Resources for Faculty & Staff

Faculty and staff may be the first to recognize students who are in need of counseling services or crisis intervention.

Ways to respond to a student in distress.


  • Express interest and concern, but remain calm.
  • Let the student talk.
  • Listen carefully to the student and take their feelings seriously.
  • Suggest meeting with the mental health counselor. Emphasize that seeking help is a strength, not a weakness.
  • Consult with the counselor for support.

If the student agrees:

  • Offer to contact the counselor while with the student.
  • Follow up directly with the student to confirm follow-through.

If the student declines:

  • Continue to recommend counseling, but don’t force the issue.
  • Consult with the counselor about your concerns.


  • Sound (or be) judgmental.
  • Become flustered or panicky.
  • Use accusatory or critical statements.
  • Make assumptions about what the student is going to say.
  • Ask the student if they have a mental health problem.
  • Look for a “quick fix” for the student’s problems.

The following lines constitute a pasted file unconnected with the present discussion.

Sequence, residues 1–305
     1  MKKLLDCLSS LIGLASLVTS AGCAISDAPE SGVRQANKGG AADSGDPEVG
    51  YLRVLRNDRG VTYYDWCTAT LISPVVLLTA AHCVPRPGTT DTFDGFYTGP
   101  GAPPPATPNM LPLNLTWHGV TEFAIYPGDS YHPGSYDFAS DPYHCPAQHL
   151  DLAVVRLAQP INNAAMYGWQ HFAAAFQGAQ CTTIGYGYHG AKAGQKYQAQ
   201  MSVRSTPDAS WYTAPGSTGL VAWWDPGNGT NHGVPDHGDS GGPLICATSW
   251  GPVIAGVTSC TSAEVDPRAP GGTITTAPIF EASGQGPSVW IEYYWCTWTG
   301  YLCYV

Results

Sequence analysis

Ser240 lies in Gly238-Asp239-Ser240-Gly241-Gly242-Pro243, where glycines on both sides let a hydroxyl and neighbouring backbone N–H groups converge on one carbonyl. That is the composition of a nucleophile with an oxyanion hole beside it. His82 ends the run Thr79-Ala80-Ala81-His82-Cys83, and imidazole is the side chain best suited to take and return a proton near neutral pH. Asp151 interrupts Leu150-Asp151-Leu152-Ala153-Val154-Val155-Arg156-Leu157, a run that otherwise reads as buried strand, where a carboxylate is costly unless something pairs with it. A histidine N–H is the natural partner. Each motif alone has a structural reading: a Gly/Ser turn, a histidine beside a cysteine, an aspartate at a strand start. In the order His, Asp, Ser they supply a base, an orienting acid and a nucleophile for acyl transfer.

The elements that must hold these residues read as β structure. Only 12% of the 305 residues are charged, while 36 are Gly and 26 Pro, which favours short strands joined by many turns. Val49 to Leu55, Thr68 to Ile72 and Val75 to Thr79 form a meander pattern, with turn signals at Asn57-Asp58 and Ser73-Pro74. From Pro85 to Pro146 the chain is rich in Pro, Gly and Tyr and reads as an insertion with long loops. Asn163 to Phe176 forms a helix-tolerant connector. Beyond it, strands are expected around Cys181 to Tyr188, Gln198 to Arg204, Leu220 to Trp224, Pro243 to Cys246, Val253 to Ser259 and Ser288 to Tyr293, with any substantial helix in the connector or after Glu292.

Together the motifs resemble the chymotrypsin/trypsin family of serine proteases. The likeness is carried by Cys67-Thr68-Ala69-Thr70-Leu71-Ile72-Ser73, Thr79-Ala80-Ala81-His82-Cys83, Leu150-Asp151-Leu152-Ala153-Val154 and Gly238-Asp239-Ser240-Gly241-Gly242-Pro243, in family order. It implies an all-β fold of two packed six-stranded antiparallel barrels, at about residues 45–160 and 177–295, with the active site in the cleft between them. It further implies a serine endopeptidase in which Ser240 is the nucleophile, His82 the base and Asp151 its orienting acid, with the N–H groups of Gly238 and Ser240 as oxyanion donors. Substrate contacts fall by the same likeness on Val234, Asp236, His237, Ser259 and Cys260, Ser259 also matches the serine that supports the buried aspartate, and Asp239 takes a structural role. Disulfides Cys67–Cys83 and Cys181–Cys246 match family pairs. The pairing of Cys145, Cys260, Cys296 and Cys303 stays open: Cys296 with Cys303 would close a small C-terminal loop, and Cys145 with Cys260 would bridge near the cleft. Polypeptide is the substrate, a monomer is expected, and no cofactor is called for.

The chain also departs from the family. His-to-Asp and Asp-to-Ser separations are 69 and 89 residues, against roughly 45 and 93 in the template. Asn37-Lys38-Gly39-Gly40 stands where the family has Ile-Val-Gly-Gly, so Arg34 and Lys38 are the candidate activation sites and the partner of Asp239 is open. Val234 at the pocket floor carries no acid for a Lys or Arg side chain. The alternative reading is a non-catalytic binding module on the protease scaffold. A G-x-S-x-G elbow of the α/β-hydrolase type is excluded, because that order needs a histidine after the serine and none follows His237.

• Become frustrated if suggestions are resisted.
  • Be afraid to ask if the student has recent/current thoughts about wanting to die or being better off dead.

Ways to Refer Students to Counseling & Wellness

  • Via Student-Faculty Interaction Form
  • Via Phone
  • Via Dean of Student of Affairs

Assisting Students in Distress


A student's meetings with the Counselor are confidential. The Counselor cannot confirm that a student contacted the Counselor or attended a counseling session without the student’s written permission.

Additional Resources/Coverage

For 24/7 Support, Referral, and Crisis Intervention Services:  

Health Advocate Student Assistance Program:
1-855-384-1800 or

NYC Well Helpline:
1-888-NYC-Well (692-9355)